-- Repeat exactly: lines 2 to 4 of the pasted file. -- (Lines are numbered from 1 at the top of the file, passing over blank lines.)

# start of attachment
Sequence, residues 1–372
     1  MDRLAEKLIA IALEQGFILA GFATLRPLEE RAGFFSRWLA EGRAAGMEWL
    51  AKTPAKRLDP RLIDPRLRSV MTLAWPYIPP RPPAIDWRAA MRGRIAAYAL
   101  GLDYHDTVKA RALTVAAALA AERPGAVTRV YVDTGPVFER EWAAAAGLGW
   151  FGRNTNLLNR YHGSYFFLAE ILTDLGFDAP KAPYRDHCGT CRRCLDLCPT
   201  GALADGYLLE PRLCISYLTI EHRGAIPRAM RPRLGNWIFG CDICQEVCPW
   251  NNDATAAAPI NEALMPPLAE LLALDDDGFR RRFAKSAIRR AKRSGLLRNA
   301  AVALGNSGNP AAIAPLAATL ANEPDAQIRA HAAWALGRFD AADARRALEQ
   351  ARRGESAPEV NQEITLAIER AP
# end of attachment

     1  MDRLAEKLIA IALEQGFILA GFATLRPLEE RAGFFSRWLA EGRAAGMEWL
    51  AKTPAKRLDP RLIDPRLRSV MTLAWPYIPP RPPAIDWRAA MRGRIAAYAL
   101  GLDYHDTVKA RALTVAAALA AERPGAVTRV YVDTGPVFER EWAAAAGLGW